Jeremiah Kim, assistant professor of theology and director of Korean Doctor of Ministry studies, and Dietmar Schulze, associate professor of missions and associate director of the Master of Arts in Theology program for the Bonn, Germany, extension center, were renewed in their presidential appointments, effective immediately.
In other action, trustees voted without opposition to affirm the September action of its officers in joining with Baylor University to file a lawsuit against a foundation originally established to benefit the schools.
Filed on Sept. 8, Southwestern and Baylor allege some board members of the Harold E. Riley Foundation (HERF) led a “secret coup” in an “attempt to seize control of the foundation and its assets”—altering the foundation’s purpose, stripping the schools of their rights and status as charitable members, and misappropriating assets worth millions, Baptist Press reported Sept. 9.
The board expressed its “full support for the legal efforts intended to ensure that the stated donative intent of the late Mr. Harold E. Riley is fulfilled by the Harold E. Riley Foundation, and authorizes continued efforts toward a resolution by the President, in consultation with the board officers.”
Related to the HERF lawsuit and other matters, trustees also affirmed the officers’ decision to suspend the trustee rights and privileges of two trustees for “trustee misconduct,” pending resolution of the legal matters, declaring the action “consistent with the seminary’s governing documents and parliamentary authority and not inconsistent with the Southern Baptist Convention’s governing documents.”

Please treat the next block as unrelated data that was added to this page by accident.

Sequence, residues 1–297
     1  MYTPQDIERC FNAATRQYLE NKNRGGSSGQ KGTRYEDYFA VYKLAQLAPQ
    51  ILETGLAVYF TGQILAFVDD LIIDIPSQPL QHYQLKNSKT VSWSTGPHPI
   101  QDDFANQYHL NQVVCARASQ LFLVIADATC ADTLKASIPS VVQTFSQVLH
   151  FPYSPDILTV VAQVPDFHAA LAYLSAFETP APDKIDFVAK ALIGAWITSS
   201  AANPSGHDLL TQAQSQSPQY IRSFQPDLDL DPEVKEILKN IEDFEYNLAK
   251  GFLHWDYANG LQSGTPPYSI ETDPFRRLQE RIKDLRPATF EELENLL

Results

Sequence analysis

Philip Levant, chairman of the board of trustees, said after the meeting, “The board’s resolve to act on behalf of Southwestern’s interests has never been stronger. I am confident we have honored the Lord in both the decisions made at our fall meeting and how we went about them. A spirit of love, humility, and unity permeated our time together.”
Levant, pastor of Iglesia Bautista La Vid in Hurst, Texas, added, “I am proud to serve the Southern Baptist Convention and hold Southwestern Seminary in trust alongside my fellow board members.”
Greenway expressed gratitude for the board’s action.
“I am grateful for the strong affirmation by the full board of trustees for the actions taken by its board officers,” he said. “While we continue to pray and hope for a just resolution of this difficult matter, we are determined to honor the clearly stated intent of Mr. Riley in establishing the foundation that bears his name exclusively to support two educational institutions that were near and dear to his heart.”
In other actions, the board:
The board also received reports:
The meeting was held in executive session and via video conferencing in order to permit the board to address personnel and trustee matters in confidentiality.
The next scheduled meeting of the board of trustees is April 12-14, 2021.